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You can find the normal of a vertex by averaging the nearby face normals.
Use the dot product of the normal and the view-vector to find out if the triangle is visible. (this depends on the sign of the dot product, but you can use this value to perform flat-shading, e.t.c.)
Have a look at http://andyhot.di.uoa.gr:8080/ at the 3D Java Engine

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Normals are used to calculate lighting for that face, depending on the normal, opengl (and a good number of other rendering methods) use the normal to calculate the shading for that face.

I''m not sure what the purpose of setting a normal for each vertex would be, probably for more acurate lighting, Direct3D-IM for example prefers a normal for each vertex.

Typically you only need to calculate and set normals once, again they''re used for lighting so unless you''re doing something strange with your lights you should only need to calculate normals once. If you''re using 3ds objects you really only need to read the vectors from the file and calculate per-face normals, if you REALLY want code to do per-vertex normals I can paste code but in my opinion it''s more of a pain in the ass and I''m satisfied with per-face shading for most of my programs.

As for the culling stuff, I haven''t experimented with it and have always used the built-in culling
*glEnable(GL_CULL_FACE)*.

Hope this is of some help to you..

Will.

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Per vertex normals are good when you want a sphere or torus to light up properly. If you you use face normals you will see the faces very clearly, but if you use a normal per vertex (that is the weighted normal of the normals of the surrounding faces) you get smooth lighting, and the sphere appears to be realy round (you don''t see the individual faces anymore).

Just as the face normals you calculate the vertex normals just once at the beginning of your program. (when you load the model).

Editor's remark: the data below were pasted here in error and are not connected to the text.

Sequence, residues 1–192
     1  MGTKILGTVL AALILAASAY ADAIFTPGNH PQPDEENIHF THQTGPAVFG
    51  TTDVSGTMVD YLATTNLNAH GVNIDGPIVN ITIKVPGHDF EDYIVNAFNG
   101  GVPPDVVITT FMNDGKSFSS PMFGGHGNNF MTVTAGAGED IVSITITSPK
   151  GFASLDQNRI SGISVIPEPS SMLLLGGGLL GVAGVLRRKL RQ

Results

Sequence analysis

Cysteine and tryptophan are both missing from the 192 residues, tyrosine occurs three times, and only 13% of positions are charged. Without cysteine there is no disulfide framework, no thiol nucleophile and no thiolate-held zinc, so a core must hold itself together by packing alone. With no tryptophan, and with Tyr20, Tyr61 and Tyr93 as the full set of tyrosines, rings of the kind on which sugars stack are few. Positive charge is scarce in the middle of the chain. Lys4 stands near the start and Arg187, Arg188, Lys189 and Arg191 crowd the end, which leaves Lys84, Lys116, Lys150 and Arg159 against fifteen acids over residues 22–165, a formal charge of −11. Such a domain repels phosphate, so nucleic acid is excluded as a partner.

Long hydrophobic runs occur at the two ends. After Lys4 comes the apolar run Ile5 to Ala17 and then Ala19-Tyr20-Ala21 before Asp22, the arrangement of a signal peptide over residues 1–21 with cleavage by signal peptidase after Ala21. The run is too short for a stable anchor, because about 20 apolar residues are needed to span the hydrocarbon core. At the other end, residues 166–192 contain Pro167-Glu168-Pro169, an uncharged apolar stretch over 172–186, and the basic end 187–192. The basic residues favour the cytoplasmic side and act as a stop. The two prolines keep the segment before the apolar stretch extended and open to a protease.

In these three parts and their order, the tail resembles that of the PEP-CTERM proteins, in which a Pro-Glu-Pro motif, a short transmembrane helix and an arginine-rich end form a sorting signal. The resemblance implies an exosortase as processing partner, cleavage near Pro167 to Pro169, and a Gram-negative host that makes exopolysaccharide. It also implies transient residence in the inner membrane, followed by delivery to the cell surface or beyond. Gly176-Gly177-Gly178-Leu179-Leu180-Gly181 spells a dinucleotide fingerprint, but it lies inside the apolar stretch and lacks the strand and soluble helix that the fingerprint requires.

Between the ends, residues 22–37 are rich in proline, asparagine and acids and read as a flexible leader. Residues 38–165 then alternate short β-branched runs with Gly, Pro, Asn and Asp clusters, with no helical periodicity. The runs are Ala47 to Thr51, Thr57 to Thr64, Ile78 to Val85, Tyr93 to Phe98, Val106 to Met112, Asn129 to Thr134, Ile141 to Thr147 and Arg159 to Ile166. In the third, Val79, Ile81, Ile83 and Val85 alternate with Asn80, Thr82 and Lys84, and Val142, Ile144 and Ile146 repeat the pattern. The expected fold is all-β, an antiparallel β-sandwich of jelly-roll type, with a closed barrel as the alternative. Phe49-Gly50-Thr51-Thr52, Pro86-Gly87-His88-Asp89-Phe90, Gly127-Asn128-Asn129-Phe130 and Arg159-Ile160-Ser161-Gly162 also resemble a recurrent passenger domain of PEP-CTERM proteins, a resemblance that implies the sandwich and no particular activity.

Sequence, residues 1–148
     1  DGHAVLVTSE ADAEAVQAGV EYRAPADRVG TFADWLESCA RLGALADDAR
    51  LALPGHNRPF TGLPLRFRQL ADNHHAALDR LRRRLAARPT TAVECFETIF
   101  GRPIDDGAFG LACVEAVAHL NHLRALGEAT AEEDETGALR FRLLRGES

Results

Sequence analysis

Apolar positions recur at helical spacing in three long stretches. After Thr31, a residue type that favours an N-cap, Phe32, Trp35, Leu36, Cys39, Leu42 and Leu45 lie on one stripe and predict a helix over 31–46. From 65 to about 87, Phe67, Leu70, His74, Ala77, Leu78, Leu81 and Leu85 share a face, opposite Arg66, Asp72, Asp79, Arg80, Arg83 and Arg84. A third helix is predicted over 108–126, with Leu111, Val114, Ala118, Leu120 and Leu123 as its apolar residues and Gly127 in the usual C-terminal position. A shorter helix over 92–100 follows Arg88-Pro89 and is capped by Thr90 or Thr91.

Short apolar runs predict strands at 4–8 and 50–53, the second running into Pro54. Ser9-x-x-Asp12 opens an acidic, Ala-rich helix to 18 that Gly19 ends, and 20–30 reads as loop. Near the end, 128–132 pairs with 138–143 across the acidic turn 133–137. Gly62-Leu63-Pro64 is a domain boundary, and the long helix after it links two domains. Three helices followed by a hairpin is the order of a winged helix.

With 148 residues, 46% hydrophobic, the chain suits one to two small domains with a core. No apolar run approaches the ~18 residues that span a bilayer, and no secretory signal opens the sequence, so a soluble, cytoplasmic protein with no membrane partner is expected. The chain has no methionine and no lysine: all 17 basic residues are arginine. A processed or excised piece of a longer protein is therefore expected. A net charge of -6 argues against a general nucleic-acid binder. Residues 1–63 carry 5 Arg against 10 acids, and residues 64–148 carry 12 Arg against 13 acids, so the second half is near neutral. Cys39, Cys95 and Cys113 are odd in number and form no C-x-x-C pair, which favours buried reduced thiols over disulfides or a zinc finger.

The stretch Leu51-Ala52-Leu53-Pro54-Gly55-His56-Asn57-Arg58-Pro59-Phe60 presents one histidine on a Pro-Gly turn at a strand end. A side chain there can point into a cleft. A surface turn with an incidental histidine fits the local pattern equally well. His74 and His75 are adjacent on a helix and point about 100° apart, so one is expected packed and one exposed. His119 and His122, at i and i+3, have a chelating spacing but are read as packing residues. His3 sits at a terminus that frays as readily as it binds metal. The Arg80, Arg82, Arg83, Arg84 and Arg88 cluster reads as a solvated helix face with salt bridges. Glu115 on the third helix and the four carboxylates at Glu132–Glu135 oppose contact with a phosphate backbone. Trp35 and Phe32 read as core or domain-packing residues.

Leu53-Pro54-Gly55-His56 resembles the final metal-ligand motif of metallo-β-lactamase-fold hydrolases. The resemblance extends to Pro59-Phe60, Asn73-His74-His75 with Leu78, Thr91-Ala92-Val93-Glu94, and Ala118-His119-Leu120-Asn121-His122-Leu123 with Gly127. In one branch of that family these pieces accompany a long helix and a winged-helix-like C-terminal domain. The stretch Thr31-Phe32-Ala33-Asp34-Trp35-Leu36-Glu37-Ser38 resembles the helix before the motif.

Hope this helps,
Quo

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eh.. well.. here''s how it is. the lambert shading model,
I = Ka + Kd(N dot L), is not well suited for polygonal models. here''s why: in the real world, flat surfaces are shaded evenly if you disregard distance falloff and specular lighting, but hardly anything is truly flat. polygonal models generally approximate curved surfaces with a bunch of flat facets, and if you try to shade these facets using constant lighting (which is what is going to happen if you use surface normals), the surface will appear, well, faceted. gouraud, bless his heart, thought of a way around that. instead of using surface normals, you can average the normals of the surfaces adjacent to a vertex to produce vertex pseudo-normals, plug those into the lighting equation of your choice and obtain interpolated shading across a surface. here''s how the vertex pseudo-normals are obtained:

for [each vertex]
{
set [vertex].normal to zero
set [counter] to zero

for [each face]
{
determine whether [vertex] belongs to [face]
increment [counter]
}

divide [vertex].normal by [counter]
normalize [vertex].normal
}

hope this helps.

-goltrpoat

--
Float like a butterfly, bite like a crocodile.

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Thanks to all of you guys,
now I have a little knowledge to try something.
I''ll keep you on date about it...